may your joy continue..

Mudita : )

The cultivation of the special capacity to revel in another’s joy and current happiness, followed by the wish that the happiness continues, that it increases and even that it never wanes!

This is one of the most joyous wishes there is. Through becoming aware of our feelings, intentions, and thoughts, and actively cultivating expressions of loving kindness, compassion, sympathetic joy (mudita) and equanimity, we can direct our minds to states of happiness, expansive openness and even liberation. The tactical difficulties in the practice come in letting go of some typical reactions. Upon seeing someone else’s joy, we may experience natural Mudita and happiness, but we may also experience aversion, feelings of jealousy, judgement, envy, etc.

The sense of Mudita is honoring another’s good fortune and well being, being open to it, to see it grow and increase and even to increase and never wane!

It may seem that this asserts that something (joy) dependent upon something else (conditions) could somehow become permanent, but Buddha says, “All things are Impermanent”, so we have a problem here. But consider this: a joy that is based on letting go of it’s object thereby becomes dependent upon nothing. What if this wish for joy in others itself brings a joy to the practitioner that depends upon the practice itself–it isn’t so dependent on fickle, unreliable, impermanent conditions. The joy of wishing well for others–and connecting to their present, natural joy– brings a sweetness to the heart, it opens the heart, which opens the clenched fist of the mind; it is very much a practice of letting go. And based, as it is, on letting go– it can be infinite!

May boundless joy arise and never wane for all sentient beings!

Metta, Karuna, Mudita, Upekka – A beautiful path to freedom.

Slow and steady in the rising wave of mindfulness

The things I’ve learned over the years have come very slowly. This new wave of popularity for mindful practices – typified by this article – brings up two strong thoughts for me.

Part of my practice is cultivating the deep wish that everyone is happy, free from suffering, enjoys well being and is ultimately fully liberated. Non-attachment, equanimity and present moment awareness practiced in meditation leads to this very state of happiness, well being and freedom. Seeing the growth of meditation in our culture can be quite exhilarating.

I remember walking in a park in Berkeley some years ago and I came across a group sitting in a circle. I was just a random person walking by, but they called me over and asked me a question – “What would be the best possible news headline you could imagine?” I’m not sure what the purpose of this group was, but I thought for a second and said, “The last sentient being has been fully enlightened — the work has been completed”. I suppose this notion came from the Bodhisattva Vow, found in Zen Buddhism, that envisions continued rebirth and practice until all beings are fully liberated.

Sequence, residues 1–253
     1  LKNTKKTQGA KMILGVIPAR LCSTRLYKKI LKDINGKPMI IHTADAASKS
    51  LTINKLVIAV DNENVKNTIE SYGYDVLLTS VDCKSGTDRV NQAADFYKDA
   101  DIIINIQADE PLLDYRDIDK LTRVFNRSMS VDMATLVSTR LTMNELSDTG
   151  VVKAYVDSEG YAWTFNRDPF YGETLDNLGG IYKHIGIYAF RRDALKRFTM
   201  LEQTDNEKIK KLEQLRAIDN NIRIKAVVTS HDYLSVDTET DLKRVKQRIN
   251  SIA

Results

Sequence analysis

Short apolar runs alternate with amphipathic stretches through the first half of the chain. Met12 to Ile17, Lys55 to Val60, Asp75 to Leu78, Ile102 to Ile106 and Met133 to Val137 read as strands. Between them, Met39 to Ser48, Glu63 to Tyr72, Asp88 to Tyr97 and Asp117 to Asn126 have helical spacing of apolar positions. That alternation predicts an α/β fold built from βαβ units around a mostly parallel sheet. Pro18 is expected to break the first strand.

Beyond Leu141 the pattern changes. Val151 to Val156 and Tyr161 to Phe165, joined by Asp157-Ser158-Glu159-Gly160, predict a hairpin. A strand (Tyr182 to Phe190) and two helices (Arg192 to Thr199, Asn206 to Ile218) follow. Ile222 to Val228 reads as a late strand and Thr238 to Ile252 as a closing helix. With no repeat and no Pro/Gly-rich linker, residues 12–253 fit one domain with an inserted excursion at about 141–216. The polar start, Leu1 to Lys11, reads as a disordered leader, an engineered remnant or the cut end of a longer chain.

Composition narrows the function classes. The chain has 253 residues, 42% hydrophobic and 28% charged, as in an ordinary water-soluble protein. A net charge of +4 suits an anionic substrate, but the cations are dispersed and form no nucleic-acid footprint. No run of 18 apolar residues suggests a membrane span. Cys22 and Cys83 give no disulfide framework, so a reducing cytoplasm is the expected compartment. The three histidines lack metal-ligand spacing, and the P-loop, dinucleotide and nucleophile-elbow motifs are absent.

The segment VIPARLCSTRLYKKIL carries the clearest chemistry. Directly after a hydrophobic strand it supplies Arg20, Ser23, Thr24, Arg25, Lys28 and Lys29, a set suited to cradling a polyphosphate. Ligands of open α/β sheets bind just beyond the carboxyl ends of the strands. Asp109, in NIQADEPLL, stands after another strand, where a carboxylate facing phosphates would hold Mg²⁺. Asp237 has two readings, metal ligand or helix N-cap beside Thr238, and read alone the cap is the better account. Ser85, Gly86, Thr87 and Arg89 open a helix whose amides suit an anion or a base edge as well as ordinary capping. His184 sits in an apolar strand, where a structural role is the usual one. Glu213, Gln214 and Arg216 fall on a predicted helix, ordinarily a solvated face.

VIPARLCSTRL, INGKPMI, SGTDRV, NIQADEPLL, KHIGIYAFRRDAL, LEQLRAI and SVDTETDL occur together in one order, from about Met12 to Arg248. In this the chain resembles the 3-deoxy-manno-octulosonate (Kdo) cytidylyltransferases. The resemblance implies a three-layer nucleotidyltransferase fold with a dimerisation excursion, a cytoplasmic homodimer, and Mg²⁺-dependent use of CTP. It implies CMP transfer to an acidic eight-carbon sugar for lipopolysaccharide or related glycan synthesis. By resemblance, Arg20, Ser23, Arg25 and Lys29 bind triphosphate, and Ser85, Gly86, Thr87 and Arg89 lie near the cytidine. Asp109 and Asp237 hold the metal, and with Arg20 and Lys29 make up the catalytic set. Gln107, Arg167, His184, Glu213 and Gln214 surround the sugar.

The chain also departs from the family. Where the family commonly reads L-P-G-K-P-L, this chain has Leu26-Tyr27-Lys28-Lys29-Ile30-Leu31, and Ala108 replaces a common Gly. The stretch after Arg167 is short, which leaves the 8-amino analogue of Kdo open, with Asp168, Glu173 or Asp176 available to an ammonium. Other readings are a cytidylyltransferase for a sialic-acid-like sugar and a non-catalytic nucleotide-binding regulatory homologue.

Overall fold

In this grand sense, how wonderful it is that so many people in this day and age will be exposed to the practice of mindfulness! How many of them will resonate with the practice and seek further instruction and read and sit and begin a daily practice or go on retreat! This surge of popularity truly has the potential to set many many people on the path and could even transform society — and ultimately the world.

The other thought that comes to me is that we will be seeing a transformation in how and why mindfulness is taught. This is a very old practice, carefully passed down through the centuries from teacher to student. It is extremely subtle as well as mind-blowingly expansive. It is easily misunderstood. It can be simple, but is not usually simple to teach. It is available to everyone at all times, but not easily put into practice. On the path it is easy to go astray — to formulate a set of beliefs and opinions about the practice and to cling to them. It is easy to identify with the practice and become attached to that identity, sewing the very seeds of clinging and conflict that the practice is meant to uproot. The practice points towards something beyond the surface appearance of things, and can cause students to ask metaphysical, moral, and paradoxical questions. Teachers must be very careful how these questions are approached, whether or not they are answered, and how. It is very easy to get caught in a dead-end discussion and sew seeds of doubt, or inadvertently plant some permanent idea of a self, or lead someone astray in a variety of other ways. Teaching requires a great deal of skill, and a certain depth of experience–so that one’s understanding of impermanence, emptiness, and the path is unshakable.

If the surge of interest in mindfulness brings a variety of practices that aren’t fully grounded in the traditional teachings, the result could be that many people are introduced to a mild form of meditation and turn away, unsatisfied, believing that they’ve “tried it and it didn’t work”. In this way, the potential rise of wisdom, compassion and liberation could turn out to be a dilution and draining of the same.

Right now, my practice is to see these two thoughts arise, reflect on them, not get too caught in either hope or fear; but rather to keep practicing… slow and steady. Maybe I’ll have the opportunity to be a bridge between the traditional teachings and the current demand for the teachings. Maybe this wave will come and go, passing me by completely. Either way, my faith in the importance of the teachings and the effectiveness of the techniques is unshakable.